It is believed that these growth factors could promote new follicle development and blood vessels (neovascularization). Of course, if there are new follicles, new hair may grow.
Therefore, PRP treatments in areas of the scalp where hair is thinning could potentially help the shrinking follicles produce hair more efficiently, in addition to creating some new follicles. Regardless, good blood flow certainly won’t hurt — but how helpful (and under what circumstances) stand-alone treatments are is something that requires more research.
There haven’t been enough studies on stand-alone PRP treatments for hair loss to conclusively prove its efficacy in hair restoration, and the studies that have been conducted are early-on in the research process.
A 2014 pilot study injected two-to-three milliliters of PRP four times, two weeks apart in eleven participants who hadn’t seen success with oral finasteride or topical minoxidil. Researchers found hair loss slowed between the first and fourth injections of PRP. They concluded that “PRP injection is a simple, cost effective and feasible treatment option for androgenic alopecia, with high overall patient satisfaction.”
While this pilot study offers some hope for those who would like to try PRP for hair loss, more research is needed before it can be proven effective as a stand-alone treatment. Additionally, clinical trials will need to be conducted with a larger, more representative group of participants.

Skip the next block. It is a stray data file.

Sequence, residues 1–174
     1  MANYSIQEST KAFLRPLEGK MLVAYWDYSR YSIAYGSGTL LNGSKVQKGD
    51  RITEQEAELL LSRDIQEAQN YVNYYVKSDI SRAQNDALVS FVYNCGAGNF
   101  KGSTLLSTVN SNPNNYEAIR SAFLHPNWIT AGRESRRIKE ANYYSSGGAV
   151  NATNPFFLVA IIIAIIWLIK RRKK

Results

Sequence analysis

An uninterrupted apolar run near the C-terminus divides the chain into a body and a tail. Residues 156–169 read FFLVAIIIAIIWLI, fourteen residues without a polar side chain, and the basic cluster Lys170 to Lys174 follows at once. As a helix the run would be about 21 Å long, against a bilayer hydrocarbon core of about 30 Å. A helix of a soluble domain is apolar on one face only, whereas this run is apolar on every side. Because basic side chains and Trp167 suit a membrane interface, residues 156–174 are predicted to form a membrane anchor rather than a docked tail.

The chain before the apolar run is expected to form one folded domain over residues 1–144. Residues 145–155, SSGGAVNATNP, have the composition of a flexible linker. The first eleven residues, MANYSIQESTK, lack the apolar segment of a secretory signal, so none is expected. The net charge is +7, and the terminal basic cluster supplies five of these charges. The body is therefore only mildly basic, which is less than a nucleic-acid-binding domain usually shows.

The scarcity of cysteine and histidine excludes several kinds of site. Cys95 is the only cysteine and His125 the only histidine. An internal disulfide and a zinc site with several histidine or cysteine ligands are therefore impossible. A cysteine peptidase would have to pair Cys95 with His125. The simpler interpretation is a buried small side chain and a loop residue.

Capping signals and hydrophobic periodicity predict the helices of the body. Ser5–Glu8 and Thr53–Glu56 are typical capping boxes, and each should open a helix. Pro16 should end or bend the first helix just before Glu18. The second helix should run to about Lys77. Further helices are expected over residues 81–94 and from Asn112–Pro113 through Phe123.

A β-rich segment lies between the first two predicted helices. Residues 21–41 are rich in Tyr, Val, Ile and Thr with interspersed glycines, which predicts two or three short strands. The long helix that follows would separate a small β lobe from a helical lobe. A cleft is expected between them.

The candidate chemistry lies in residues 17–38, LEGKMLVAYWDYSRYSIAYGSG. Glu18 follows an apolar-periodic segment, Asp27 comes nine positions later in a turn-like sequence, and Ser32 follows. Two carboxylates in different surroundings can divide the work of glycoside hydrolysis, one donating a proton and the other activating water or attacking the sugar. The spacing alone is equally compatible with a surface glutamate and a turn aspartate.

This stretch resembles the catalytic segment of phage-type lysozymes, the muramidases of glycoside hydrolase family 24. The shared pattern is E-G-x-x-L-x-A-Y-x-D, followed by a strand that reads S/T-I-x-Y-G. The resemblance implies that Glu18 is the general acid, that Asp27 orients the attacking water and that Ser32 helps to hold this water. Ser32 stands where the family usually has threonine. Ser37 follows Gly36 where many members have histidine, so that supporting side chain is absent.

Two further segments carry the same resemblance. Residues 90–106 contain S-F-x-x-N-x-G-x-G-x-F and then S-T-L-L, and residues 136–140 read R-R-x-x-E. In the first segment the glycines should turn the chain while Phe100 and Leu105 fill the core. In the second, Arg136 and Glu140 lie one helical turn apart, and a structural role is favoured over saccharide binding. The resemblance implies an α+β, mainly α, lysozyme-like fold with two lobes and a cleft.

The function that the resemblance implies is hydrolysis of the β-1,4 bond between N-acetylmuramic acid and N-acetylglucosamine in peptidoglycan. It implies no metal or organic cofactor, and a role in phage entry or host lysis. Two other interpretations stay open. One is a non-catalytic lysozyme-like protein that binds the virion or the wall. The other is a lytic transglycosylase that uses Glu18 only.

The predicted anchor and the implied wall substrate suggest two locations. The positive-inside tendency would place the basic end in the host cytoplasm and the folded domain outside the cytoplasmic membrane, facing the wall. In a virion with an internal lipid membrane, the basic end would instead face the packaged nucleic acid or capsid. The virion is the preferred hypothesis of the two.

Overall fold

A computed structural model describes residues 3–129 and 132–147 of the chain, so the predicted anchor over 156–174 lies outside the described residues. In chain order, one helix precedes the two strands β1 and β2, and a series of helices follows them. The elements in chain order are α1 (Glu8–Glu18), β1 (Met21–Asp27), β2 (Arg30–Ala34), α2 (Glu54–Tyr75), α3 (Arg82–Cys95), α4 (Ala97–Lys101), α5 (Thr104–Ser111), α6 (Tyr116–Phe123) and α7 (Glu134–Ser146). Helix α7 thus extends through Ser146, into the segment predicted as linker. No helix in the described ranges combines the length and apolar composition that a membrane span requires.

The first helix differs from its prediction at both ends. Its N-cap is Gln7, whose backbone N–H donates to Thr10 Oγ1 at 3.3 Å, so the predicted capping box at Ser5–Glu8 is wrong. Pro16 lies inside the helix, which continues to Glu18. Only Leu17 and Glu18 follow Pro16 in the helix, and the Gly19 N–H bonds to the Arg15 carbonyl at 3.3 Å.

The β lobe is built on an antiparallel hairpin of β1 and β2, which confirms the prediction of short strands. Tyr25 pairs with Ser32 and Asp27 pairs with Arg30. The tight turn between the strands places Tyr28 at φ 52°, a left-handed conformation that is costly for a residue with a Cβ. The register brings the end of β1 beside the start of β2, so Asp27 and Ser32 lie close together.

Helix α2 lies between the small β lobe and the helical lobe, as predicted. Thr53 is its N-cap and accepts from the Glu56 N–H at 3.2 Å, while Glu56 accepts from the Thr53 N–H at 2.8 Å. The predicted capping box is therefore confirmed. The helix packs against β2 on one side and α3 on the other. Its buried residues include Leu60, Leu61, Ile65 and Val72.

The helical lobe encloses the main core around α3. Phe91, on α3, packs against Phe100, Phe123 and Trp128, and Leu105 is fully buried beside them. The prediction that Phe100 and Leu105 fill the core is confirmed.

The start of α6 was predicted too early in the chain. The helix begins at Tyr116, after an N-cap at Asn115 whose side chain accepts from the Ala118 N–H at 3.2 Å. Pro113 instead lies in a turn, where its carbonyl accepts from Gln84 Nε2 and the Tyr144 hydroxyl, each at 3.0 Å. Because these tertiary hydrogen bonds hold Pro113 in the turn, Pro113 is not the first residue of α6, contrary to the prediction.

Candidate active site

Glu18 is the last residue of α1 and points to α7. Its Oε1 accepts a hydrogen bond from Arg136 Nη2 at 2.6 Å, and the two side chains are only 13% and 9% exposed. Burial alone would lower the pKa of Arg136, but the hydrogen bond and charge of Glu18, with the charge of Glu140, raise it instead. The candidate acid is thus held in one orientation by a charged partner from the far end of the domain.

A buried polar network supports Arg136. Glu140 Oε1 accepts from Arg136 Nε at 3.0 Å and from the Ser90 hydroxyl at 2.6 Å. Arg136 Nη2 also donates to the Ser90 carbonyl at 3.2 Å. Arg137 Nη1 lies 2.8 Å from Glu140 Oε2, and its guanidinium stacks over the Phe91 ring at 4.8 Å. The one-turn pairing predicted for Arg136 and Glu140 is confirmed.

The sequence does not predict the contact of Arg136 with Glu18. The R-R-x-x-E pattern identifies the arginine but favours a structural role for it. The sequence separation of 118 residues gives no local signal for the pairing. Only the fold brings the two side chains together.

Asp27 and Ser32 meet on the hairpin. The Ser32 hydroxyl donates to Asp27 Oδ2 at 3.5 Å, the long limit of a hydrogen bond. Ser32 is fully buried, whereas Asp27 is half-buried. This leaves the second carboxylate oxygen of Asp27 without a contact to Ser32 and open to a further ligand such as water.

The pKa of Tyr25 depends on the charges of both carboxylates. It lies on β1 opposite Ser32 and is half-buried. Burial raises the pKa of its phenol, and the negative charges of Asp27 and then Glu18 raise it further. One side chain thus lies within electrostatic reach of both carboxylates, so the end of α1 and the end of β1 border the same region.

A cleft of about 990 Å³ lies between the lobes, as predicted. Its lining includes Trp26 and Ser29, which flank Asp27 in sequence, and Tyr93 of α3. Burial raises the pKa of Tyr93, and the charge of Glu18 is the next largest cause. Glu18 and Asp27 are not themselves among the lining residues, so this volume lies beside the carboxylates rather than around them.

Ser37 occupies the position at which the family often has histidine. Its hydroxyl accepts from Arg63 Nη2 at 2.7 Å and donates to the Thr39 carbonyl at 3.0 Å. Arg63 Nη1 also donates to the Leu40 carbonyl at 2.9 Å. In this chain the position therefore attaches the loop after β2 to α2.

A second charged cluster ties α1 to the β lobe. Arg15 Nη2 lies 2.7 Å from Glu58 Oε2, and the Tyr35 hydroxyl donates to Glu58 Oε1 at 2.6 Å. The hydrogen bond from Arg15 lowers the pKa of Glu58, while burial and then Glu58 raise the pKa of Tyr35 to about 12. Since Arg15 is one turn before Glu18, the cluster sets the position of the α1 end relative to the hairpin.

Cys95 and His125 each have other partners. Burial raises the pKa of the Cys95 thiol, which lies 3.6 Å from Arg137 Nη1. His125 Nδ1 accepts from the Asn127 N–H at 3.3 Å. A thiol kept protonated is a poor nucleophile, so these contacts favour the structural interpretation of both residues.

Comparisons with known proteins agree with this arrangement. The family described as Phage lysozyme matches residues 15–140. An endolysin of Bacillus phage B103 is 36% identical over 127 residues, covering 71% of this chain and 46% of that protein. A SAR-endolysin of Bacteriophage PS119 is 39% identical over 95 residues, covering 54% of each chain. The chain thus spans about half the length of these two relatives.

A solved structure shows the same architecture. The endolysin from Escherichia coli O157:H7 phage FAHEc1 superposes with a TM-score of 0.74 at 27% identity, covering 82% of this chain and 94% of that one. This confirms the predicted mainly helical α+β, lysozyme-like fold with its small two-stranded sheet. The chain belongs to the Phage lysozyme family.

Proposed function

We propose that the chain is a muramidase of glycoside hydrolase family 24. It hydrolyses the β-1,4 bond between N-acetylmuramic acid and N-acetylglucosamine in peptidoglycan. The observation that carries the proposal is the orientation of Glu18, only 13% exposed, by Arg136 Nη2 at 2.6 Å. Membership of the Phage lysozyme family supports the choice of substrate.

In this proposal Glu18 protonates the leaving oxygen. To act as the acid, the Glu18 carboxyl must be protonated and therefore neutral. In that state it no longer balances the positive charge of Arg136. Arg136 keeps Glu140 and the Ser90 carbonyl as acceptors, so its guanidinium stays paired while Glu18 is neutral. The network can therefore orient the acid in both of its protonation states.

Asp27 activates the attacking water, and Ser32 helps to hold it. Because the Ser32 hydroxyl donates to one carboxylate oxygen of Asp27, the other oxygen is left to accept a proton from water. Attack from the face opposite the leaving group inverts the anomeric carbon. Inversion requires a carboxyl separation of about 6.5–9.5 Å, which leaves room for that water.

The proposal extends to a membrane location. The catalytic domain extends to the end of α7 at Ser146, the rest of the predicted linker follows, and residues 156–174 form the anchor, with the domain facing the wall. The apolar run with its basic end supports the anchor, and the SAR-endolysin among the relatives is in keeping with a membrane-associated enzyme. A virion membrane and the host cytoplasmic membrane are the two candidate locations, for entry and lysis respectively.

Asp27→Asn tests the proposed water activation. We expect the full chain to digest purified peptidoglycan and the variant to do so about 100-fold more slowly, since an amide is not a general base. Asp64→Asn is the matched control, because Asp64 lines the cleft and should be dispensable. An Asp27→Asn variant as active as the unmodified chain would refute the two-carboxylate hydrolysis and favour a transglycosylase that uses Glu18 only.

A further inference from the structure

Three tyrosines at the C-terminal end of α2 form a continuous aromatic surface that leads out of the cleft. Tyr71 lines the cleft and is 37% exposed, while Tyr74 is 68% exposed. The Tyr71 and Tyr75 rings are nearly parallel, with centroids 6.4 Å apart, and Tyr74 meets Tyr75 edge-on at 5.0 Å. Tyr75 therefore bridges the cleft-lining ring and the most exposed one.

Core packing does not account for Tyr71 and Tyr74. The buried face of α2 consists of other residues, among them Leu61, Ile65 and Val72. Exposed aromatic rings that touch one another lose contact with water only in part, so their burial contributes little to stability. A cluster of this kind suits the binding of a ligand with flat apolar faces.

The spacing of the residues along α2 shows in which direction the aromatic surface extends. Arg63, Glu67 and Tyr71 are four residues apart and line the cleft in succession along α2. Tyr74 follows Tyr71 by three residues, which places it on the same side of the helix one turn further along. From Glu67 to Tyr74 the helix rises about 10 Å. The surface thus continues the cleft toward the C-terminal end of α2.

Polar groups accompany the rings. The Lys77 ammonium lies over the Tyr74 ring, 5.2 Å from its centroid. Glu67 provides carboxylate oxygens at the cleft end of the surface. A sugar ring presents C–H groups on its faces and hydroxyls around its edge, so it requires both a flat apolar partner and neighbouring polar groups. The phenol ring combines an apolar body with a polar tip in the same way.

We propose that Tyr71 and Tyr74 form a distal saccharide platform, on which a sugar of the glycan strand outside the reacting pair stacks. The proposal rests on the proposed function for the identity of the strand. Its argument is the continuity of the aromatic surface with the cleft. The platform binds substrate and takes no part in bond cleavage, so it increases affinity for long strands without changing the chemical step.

While the efficacy of stand-alone injections as a treatment for hair restoration is still debatable, PRP has been proven very effective time and time again in wound healing. Therefore, we almost always use PRP treatments in conjunction with FUE.
After the hair follicles have been harvested from the donor site, the patient’s own PRP is injected back into the scalp to promote faster healing — something of great interest to most of our patients, as the post-operative healing period can be uncomfortable (though certainly not unbearable).
Of course, proper care after FUE treatment plays a major role in the success of the procedure. Following instructions, such as spraying the scalp with water and letting it air dry, not washing or brushing your hair for the first week, and refraining from dyeing your hair for the first month, all ensure the transplant site accepts the relocated follicles while allowing the donor site to heal properly.